Marfan syndrome is classified as a heritable disorder of connective tissue. It is characterized by systemic and ocular features that result from mutations in the fibrillin gene. Systemic features include thin, long fingers and toes, relaxation of ligaments, muscular underdevelopment, abnormalities of the heart, and a high, arched palate (Nemet et al, 2006).

Ocular features include bilateral subluxation of the crystalline lens (ectopia lentis), axial myopia, astigmatism, glaucoma, flat cornea, and retinal detachment. In Marfan syndrome, subluxation of the lens produces astigmatism that is not at the same meridian as the corneal astigmatism. Also, high degrees of astigmatism occur as a result of the tilted edge of the subluxated lens. Consequently, these patients have some degree of residual astigmatism that is oblique with respect to the principal meridians of the cornea (Yeung and Weissman, 1997; Lindsay et al, 2017).

Cataracts frequently develop in the subluxated lenses. Surgical extraction of the cataracts becomes necessary when vision is significantly degraded. In many cases, children are left aphakic after surgery due to the complexity of intraocular lens implantation. Optical corrective measures such as specialty contact lenses in combination with glasses are needed to manage the high refractive errors of children affected by Marfan syndrome (Neely and Plager, 2001).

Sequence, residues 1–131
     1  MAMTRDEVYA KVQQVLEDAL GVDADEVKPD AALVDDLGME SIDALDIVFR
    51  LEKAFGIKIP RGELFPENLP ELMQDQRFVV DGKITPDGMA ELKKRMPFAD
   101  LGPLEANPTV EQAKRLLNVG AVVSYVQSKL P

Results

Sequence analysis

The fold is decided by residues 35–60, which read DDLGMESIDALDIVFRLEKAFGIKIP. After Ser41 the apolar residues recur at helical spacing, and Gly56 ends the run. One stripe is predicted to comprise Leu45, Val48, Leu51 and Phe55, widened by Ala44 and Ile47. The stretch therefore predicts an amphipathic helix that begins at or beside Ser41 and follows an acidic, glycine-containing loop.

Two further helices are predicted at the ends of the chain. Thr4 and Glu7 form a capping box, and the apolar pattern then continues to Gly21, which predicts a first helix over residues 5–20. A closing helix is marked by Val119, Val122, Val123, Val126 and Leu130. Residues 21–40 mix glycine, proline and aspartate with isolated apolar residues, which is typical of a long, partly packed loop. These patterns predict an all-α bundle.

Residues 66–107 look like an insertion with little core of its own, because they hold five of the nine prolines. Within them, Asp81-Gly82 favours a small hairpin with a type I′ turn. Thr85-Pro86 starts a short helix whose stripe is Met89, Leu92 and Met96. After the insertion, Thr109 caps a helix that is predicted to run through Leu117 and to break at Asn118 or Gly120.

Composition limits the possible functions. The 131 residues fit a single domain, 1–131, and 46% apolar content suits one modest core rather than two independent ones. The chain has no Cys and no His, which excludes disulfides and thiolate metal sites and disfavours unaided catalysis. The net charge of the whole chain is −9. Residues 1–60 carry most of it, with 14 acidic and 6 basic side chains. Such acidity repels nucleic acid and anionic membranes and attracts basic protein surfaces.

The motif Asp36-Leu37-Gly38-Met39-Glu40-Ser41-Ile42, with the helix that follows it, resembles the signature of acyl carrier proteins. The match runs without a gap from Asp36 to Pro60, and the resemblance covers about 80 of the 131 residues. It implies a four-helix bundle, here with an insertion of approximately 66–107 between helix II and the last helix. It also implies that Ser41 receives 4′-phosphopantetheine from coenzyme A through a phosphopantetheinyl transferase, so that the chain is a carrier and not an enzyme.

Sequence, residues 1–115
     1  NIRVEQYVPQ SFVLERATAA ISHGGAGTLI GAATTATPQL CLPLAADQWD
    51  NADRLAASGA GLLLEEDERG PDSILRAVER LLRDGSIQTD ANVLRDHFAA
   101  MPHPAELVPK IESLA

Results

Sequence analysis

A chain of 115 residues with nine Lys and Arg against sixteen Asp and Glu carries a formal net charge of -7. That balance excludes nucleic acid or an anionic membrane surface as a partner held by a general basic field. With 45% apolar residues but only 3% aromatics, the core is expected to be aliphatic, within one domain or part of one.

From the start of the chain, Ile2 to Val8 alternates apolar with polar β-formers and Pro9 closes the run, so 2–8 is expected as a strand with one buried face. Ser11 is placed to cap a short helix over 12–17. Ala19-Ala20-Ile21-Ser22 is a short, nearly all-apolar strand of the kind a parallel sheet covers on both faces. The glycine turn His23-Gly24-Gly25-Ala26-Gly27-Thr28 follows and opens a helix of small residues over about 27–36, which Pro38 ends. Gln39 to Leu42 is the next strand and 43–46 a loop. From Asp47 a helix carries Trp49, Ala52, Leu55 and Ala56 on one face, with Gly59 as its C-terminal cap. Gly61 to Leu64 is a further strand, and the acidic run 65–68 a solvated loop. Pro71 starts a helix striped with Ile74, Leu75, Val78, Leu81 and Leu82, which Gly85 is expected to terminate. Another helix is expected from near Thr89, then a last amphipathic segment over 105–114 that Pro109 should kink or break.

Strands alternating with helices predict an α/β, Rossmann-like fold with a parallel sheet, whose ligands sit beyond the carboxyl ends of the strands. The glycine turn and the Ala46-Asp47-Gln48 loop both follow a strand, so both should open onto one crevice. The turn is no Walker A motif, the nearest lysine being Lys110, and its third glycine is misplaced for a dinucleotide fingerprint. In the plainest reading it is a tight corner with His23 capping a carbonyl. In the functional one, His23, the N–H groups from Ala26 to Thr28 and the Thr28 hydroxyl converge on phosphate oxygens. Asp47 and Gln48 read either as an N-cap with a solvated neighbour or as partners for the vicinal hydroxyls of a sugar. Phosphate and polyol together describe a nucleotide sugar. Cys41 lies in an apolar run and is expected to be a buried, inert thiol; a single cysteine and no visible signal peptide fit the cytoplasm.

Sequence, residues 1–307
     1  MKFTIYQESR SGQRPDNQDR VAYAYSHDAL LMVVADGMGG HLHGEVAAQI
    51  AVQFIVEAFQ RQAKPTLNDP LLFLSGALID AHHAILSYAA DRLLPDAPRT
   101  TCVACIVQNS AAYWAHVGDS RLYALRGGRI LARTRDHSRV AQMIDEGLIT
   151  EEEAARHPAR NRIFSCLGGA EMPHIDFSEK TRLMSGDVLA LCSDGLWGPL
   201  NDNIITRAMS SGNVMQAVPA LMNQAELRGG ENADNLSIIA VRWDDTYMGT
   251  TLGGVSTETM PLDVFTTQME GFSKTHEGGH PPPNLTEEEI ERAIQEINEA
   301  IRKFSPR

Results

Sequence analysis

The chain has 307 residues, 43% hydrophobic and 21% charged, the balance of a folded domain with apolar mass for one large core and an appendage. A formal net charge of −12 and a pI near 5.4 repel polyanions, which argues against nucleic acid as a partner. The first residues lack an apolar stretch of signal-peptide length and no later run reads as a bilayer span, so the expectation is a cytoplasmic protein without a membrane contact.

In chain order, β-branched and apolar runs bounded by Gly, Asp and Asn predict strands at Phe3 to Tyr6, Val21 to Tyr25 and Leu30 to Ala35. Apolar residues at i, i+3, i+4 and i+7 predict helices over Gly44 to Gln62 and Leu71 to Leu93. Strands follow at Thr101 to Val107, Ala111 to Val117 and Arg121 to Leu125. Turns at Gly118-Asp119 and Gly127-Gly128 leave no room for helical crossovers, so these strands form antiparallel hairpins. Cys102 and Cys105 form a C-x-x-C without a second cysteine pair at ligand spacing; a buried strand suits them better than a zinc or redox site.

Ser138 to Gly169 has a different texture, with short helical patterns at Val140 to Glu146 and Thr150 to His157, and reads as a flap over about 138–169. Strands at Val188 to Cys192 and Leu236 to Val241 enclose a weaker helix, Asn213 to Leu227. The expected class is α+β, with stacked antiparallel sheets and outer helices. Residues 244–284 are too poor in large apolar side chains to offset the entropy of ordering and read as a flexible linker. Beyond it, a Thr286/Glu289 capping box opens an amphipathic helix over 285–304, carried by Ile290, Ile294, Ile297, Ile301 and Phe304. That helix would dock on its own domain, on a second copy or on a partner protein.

A Case of High Myopia

Take for example the case of a 9-year-old Hispanic female who had a history of Marfan syndrome and presented for a contact lens evaluation to manage her high myopia, astigmatism, and anisometropia. The patient’s ocular manifestations of Marfan syndrome included bilateral cataract, ectopia lentis, and high axial myopia in both eyes. Her manifest prescription was –16.00 –2.50 x 158 in the right eye and –19.00 –1.25 x 142 in the left eye, which resulted in 20/80 and 20/60 in each eye, respectively (Figure 1).

Figure 1. Marfan syndrome can cause high myopia, astigmatism, and anisometropia.

She was fitted into high-minus soft contact lenses and was corrected to 20/30 in both eyes (Figure 2). This young patient was very happy with her improved vision quality and her new cosmetic appearance without her spectacles (Figure 3).

Figure 2. The high refractive error can be corrected with soft contact lenses.

Figure 3. Soft lenses can improve the cosmetic appearance and visual quality in children who have Marfan syndrome.

A Specialty Lens Approach

Children affected with Marfan syndrome have high myopia and astigmatism. Ectopia lentis can cause increased amounts of internal oblique astigmatism and may even result in visually significant cataracts that need to be removed. In spite of these challenges, the resultant high refractive errors in children who have Marfan syndrome can be managed successfully through the use of specialty contact lenses. CLS

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